Thursday, June 3, 2010

Meteor fireball spotted in Jupiter's Atmosphere

Less than a year after he first spotted an impact scar on Jupiter's south polar region, astronomer Anthony Wesley spotted a bright flash at 20:30 UTC today (about three hours ago from the time of this post) that lasted about 2 seconds in Jupiter's faded south equatorial belt.  The brightness of the flash indicates that it was mostly likely caused by a small asteroid or comet striking Jupiter's upper atmosphere and burning up.  Wesley indicates that don't seem to be any markings left by the impact, like those seen after the SL9 impacts in 1994 and last July's impact, though it occurred late in the day at the impact site, and we may not see anything until the area rotates into view three hours from now.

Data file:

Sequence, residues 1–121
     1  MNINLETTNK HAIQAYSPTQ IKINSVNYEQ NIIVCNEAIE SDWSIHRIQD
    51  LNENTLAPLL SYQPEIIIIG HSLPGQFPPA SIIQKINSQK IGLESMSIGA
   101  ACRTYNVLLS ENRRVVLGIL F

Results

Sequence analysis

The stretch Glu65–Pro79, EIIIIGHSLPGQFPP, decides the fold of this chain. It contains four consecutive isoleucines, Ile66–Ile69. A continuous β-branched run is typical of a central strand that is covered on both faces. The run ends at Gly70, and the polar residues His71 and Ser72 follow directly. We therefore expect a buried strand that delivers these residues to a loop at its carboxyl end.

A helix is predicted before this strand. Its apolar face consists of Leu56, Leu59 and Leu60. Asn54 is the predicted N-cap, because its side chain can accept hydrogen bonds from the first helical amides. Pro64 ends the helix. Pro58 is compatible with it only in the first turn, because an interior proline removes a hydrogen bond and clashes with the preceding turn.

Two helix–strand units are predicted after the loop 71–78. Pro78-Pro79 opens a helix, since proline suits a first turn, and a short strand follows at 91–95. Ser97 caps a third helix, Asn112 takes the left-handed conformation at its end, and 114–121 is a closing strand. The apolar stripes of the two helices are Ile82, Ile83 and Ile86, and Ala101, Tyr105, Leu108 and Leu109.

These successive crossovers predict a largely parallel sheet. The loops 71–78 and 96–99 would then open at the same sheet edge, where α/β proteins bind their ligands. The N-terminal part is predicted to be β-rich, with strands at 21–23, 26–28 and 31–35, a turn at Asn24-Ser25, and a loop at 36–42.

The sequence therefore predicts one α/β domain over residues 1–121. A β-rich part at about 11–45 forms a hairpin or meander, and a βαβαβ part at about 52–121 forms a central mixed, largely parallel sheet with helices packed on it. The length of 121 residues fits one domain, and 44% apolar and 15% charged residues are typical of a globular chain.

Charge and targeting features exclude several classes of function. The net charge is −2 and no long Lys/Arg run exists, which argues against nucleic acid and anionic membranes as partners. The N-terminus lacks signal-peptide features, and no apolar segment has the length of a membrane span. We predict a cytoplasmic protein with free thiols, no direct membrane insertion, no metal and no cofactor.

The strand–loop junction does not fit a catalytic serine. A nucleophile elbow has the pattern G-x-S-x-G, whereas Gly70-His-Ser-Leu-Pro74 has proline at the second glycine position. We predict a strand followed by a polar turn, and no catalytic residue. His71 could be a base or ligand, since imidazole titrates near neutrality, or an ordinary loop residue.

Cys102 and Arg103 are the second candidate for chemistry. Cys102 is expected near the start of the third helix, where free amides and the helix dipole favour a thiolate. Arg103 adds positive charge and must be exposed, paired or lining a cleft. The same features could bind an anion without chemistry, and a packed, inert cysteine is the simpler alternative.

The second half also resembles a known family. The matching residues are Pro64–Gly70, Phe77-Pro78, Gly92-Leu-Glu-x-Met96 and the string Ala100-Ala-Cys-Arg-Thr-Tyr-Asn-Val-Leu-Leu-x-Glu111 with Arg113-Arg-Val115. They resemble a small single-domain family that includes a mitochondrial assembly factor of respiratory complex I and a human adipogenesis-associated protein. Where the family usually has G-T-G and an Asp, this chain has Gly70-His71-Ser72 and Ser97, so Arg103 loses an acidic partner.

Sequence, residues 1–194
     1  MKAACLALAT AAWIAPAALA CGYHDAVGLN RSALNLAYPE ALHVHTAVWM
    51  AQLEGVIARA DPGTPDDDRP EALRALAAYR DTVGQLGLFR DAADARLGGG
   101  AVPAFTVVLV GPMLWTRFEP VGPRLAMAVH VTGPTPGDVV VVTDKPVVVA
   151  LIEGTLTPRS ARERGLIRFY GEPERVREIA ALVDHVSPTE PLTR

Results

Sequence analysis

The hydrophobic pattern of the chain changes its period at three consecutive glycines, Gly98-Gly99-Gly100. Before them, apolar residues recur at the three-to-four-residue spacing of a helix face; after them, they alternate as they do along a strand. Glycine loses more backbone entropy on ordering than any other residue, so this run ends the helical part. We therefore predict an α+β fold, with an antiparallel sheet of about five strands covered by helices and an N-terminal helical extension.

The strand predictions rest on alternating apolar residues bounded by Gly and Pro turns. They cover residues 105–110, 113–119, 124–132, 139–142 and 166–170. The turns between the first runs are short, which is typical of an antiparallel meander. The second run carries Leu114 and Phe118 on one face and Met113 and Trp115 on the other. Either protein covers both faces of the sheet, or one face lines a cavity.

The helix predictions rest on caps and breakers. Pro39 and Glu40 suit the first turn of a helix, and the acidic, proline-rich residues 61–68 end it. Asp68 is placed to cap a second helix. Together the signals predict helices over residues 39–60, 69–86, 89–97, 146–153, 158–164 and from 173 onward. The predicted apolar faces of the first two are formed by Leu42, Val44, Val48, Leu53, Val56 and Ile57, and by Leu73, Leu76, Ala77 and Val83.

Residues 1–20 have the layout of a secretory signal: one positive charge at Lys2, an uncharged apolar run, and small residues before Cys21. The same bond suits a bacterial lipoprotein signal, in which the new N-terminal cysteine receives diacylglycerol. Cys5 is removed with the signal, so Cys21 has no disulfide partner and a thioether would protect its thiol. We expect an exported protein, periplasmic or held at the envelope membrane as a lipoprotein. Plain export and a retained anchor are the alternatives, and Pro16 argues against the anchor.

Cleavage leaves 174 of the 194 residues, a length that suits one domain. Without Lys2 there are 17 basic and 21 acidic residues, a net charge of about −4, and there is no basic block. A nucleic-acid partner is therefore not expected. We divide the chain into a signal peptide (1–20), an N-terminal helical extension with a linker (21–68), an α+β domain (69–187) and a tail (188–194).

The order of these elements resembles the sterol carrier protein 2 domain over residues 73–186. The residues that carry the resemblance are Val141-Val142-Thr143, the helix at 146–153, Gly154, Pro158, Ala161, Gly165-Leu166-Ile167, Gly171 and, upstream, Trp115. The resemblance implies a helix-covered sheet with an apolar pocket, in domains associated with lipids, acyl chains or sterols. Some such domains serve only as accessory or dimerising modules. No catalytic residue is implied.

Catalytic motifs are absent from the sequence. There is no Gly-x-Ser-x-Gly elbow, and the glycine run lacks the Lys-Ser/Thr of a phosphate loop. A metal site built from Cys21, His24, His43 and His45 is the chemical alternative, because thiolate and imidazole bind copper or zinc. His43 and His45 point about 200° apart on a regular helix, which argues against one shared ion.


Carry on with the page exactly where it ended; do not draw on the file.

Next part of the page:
The original thread where Wesley posted this image is located at the Ice in Space web forum.  He plans to post a video of the impact in the next few hours as well.  I want to give a tip o' the hat to Emily Lakdawalla for alerting us to this observation on her blog.  Coincidentally, she points out that the Hubble telescope team has released several images of the site of last year's impact, as the scar became sheared by the planets's winds.

Another place to check for up-to-date news on this is at the forum, where several regulars are already discussing the impact.

UPDATE 5:18 PM MST: A video by Christopher Go in the Philippines is now online.  Didn't seem to last very long.

Link: Jupiter impact, June 3 2010 []

1 comment:

  1. If you look closely, it appears the fireball is traveling in a southeast direction. Along curvature slightly. There appears to be a dense fireball tapering to a point with a half crest in front of the denser portion.